As of August 28th (2016), all boroughs of NYC will be affected by new guidance by the Financial Crimes Enforcement Network (FINCEN).
Here is the link.
Will you be affected?
Where you are purchasing a co-op or condo, you could be.
This year, 35% of co-op purchases and 56% of condo purchases have been made without financing.
However, there is a new, lower bar- this new disclosure applies to purchases of $1.5mm or over in all boroughs, and in Manhattan all purchases over $3mm.
At first blush, it looks like the enhanced reporting requirement will only apply in the case of all cash deals (no bank financing) where a title company is involved at $1.5mm for all areas outside of Manhattan, and $3mm in Manhattan.
Yet, more than 50% of these purchases are made all-cash.
In the case of townhouses over $5mm, this number jumps to over 90%.
So, these rules will impact nearly every purchase made in that case.
This includes where the purchase is making the purchase in his/her name, or in the name of an LLC.
It does not apply to any cooperative purchases where title insurance is not required, whether cash purchases or not- though many cooperatives are requiring title insurance policies, especially in the case of estate sales.
Of course, most co-ops are purchased in individual names, so public disclosure has already been made, generally speaking.
The change in addition to the lower bar
is that so many new areas are added to what was already in place.
Now impacted are purchases above $1.5mm in the other four NYC boroughs (The Bronx, Staten Island, Queens and Brooklyn) along with a number of areas in Florida, Texas and California.
AND- if ANY portion of the purchase is made with a check, cash or “cash equivalent,” like wired funds, then the purchase must now be reported.
They have done away with what is called a de minimis exception.
As one title company told me:
“Now, the only things that can be paid to the seller by check, cash or a cash equivalent are normal closing adjustments (without reporting requirements).”
Luckily mortgage rates are low, as so many purchases will fall under this new reporting rule (in California, $2mm or higher, in Florida $1mm or higher in specific counties for each) unless borrowers are financing some portion of their purchase.
Mortgage brokers, rejoice?
Not so fast…
Title insurance agents are concerned, as am I.
They feel that those buyers most concerned will be foreign buyers purchasing homes over $10mm.
We have already seen a significant cooling in that segment of the market this year.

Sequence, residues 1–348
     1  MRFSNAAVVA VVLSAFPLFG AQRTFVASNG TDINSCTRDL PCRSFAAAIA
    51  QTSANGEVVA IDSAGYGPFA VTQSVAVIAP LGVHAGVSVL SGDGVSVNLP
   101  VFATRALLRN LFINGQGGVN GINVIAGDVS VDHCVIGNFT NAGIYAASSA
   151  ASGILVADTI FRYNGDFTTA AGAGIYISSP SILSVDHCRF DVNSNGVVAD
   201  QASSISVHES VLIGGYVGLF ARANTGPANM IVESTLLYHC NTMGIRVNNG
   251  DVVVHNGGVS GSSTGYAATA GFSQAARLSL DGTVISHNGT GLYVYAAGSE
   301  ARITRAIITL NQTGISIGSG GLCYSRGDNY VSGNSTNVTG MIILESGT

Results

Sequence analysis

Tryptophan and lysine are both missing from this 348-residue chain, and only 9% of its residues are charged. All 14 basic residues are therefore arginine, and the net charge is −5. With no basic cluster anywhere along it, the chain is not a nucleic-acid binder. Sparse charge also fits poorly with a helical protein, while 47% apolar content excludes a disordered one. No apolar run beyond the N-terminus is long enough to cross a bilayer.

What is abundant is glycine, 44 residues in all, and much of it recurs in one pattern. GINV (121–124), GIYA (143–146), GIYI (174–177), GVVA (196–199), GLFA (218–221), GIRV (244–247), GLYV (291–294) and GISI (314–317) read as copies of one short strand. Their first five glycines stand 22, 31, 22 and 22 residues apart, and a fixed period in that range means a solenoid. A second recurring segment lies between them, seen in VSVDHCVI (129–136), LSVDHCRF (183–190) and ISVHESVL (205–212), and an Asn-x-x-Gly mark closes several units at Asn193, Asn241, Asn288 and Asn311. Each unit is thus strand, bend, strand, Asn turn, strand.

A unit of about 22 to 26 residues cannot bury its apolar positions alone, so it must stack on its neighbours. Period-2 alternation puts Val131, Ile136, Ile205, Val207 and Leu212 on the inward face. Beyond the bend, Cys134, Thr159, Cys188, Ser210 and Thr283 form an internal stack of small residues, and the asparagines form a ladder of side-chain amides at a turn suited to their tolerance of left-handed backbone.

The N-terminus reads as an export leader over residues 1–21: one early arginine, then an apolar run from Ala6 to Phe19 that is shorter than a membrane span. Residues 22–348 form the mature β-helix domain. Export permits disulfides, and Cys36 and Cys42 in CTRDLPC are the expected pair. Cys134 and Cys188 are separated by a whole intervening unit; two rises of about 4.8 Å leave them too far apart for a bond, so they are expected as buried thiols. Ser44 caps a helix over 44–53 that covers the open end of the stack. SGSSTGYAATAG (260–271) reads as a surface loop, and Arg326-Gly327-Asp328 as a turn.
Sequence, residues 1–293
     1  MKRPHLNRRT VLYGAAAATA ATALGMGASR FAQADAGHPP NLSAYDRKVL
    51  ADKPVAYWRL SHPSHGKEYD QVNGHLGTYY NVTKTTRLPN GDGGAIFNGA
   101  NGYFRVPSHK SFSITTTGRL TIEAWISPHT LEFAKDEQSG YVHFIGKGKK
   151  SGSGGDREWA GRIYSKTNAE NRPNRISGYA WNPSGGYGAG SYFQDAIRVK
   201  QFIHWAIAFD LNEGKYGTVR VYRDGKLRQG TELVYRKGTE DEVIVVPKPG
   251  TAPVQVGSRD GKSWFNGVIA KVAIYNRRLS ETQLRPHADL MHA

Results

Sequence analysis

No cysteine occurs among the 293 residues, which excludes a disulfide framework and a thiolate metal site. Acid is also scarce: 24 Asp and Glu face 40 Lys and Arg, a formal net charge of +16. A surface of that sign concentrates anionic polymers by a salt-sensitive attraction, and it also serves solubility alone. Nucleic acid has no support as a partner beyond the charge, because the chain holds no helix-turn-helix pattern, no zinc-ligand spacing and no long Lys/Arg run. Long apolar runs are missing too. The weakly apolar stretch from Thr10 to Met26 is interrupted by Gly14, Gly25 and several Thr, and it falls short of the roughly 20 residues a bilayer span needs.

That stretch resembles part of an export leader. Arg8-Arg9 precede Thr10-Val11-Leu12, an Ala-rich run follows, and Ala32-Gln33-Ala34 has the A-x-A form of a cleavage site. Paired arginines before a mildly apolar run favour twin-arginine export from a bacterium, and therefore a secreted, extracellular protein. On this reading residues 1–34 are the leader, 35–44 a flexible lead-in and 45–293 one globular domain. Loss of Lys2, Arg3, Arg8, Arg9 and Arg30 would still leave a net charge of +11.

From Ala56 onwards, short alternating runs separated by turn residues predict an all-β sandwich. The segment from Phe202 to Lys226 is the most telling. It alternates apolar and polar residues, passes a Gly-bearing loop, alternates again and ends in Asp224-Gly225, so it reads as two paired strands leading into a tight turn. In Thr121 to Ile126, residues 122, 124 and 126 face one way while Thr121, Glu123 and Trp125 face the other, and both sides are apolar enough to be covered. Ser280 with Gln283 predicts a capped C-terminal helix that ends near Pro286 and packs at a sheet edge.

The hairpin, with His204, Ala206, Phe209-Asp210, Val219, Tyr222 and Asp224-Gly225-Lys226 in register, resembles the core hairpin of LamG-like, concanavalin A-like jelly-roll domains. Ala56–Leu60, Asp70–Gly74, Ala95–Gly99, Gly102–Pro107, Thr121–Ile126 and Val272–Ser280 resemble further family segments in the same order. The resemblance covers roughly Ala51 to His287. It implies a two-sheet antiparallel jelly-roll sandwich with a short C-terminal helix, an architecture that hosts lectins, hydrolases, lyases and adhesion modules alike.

My colleagues in Florida are seeing it, too.
I have found in my work with investors that the LLC structure is set up to allow them to actually make the purchase happen at all, for estate planning, or both.
So, nothing nefarious.
However, with recent items in the news such as the 1MDB scandal, where laundered money from Malaysia may have been used to invest in various real estate in Manhattan, US government agencies want to know more.
Few buyers like having their governments knowing what they own in the US, given country-specific asset taxes- but the US does not want to be seen as enabling foreign investors to dodge taxes.
As a result, I’m not sure that anyone will be able to keep his/her identity private anymore, if the press wants to know who bought what.
I imagine some creativity around the legal addresses of LLCs, perhaps housed at attorney offices, may help keep the press at bay.
Or perhaps short-term borrowing against a property of some very small amount may allow a buyer to shield her identity.
Otherwise, I suspect secrecy is going to be hard to maintain.
And if $3mm+ purchases have slowed down, and we are seeing signs of a less red-hot condo market in other boroughs like Brooklyn, these new requirements can only add headwinds.
I’m mostly concerned for condo sellers, and developers of new condominiums.
Even foreign investors who want to finance will have trouble, given that their assets are not in the US.
Banks such as HSBC that offer programs for foreign buyers may see an uptick in their business.
Nearly every single apartment for sale in Manhattan new development is over the $3mm level.
Perhaps we will see a resurgence of smaller apartments in new developments?